Ghana’s fishing industry is risking collapse.
As of 2016, the Ghanaian fishing industry made up 5% of its total GDP. Needless to say, a collapse of the industry could be catastrophic to one of the strongest economies in West Africa.
A report based on investigations by the Environmental Justice Foundation (EJF) in partnership with Ghanaian non-governmental organization Hen Mpoano, indicates illegal fish trans-shipments is costing the Ghanaian economy around USD 50 million (EUR 44.6 million) a year.
According to the report, Chinese trawlers “are making millions of dollars in an illegal trade which makes up over a half of the fish caught by industrial boats in Ghana.”
In the past, Chinese trawlers have simply refused to pay fines for overfishing by the Ghanaian government. In 2019, a Chinese trawler was fined $1 million for illegal fishing, after they refused to pay, their fishing licence was renewed anyways the following year.
Similarly, many fishing corporations will choose to ship along the Ghanaian coast due to the cheaper fishing licences there, in comparison to her West African neighbors.
However, the problem runs deeper than the disobedience of Chinese fishing corporations.
This extreme off-shore commercial fishing, which is then sold overseas, is dramatically decreasing the availability of fish for the local markets. In fact, the catch rate of some popular species of fish has reduced by 80% in 20 years whilst little of the revenue actually goes to the Ghanian locals.
As many of us may have recently watched, the documentary Seaspiracy, made some pretty controversial claims about the global fishing industry. Many have criticised the documentary for shifting the ‘blame’ of the problems of the fishing industries on the countries in the Global South where the fishing happens, rather than on the countries that produce the extreme demand for fish and seafood.
Similarly, an article by the Guardian criticises the documentary for making such a black and white statement against fish consumption as “choosing to abstain from consuming seafood is not a realistic choice for the hundreds of millions of people around the world who depend on coastal fisheries.”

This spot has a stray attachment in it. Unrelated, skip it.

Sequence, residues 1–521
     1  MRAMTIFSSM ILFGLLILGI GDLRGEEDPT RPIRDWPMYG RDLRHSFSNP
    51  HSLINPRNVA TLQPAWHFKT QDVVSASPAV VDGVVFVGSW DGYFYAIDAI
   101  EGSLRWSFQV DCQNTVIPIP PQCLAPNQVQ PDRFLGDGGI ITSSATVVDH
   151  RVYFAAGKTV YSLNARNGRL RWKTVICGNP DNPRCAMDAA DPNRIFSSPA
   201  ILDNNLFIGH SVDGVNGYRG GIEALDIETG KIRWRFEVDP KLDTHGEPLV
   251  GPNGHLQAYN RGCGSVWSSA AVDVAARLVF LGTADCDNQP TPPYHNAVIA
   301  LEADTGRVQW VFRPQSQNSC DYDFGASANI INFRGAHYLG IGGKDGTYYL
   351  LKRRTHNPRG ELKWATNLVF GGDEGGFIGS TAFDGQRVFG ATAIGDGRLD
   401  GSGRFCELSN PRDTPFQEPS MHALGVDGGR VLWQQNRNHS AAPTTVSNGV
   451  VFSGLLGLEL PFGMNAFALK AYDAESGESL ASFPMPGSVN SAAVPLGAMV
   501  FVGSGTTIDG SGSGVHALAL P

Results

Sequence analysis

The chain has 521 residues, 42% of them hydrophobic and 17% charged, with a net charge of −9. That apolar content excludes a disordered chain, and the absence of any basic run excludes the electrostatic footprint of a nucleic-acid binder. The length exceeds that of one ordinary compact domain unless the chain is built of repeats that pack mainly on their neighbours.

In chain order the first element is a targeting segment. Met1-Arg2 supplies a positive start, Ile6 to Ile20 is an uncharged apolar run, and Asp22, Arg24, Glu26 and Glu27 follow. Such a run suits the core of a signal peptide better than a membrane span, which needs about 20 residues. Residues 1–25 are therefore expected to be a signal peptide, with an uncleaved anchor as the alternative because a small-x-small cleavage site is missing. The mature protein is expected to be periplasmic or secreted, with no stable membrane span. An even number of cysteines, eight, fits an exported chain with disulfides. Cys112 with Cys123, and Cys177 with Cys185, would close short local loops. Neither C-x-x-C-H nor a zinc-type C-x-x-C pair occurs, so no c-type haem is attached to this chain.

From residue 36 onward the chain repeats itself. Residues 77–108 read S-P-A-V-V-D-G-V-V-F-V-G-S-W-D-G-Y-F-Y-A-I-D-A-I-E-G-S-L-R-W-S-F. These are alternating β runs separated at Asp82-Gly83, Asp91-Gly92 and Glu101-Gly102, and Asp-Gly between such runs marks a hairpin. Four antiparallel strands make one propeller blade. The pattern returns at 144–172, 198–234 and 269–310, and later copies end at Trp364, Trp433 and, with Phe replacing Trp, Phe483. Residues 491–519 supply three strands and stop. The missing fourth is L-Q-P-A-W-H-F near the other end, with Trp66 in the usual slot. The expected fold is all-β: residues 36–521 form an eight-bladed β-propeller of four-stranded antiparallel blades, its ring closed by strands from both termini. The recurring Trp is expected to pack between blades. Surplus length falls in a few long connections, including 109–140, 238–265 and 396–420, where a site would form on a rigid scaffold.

In fact, the documentary pointed out that African local fishing has historically been a sustainable form of fish consumption. However, this form of fishing, as well as the future prospects for all Ghanaians who live of the industry, is being endangered by commercial over fishing.
It seems that this risk of collapse of Ghana’s fishing industry is yet another sad example of the inequalities of our world. Here, in the West, we benefit from the weak governance of even the most democratic and well-governed countries in the Global South, such as Ghana.
This takes place in order to fill our supermarkets with fish and chocolates and hang gems from our necks. Nonetheless, in the UK alone, 6.7 million tonnes of food go to waste every year, often before it is sold.
It is evident that much of the exploitation of, for example, Ghanaian, natural resources is not sustainable for the economies that produce them as well as for those who consume them.
In an overpopulated world, a simple process can turn sour very quickly, just like in this case, where international shipping has turned to unsustainable fishing in the Ghanian coast to profit from her natural resources, at the cost of the Ghanaian people.
So what do we do?
It is easier said than done to just say “abstain from fish, seafood, etc.” and as previously mentioned, to be able to abstain from certain foods due to personal preferences is a privilege of few.
Nonetheless, if you can, abstain from fish that is sourced in the Global South. Here in Europe, we have access to fish and seafood sourced in Norway and Scotland which goes through rigorous sustainability checks by the EU and UK governments.
UppFutures is a UK based charity that raises funds for our sister organizations in Ghana. It is only right that we, too, raise awareness over the impact that consumer choices, here in the UK, have in the Ghanaian communities which we are supporting.
That being said, if you care about communities in the Global South (and if you read until the end of this article, I am sure you do) donate to charities or organizations which promote sustainable and long-lasting growth in such communities, make sustainable choices and raise awareness of the impact that these can have.
One thought on “Ghana’s fishing industry, the exploitation of the Global South’s natural resources and the responsibility of consumers in the Global North”
Interesting article on a subject I wasn’t too familiar with – great!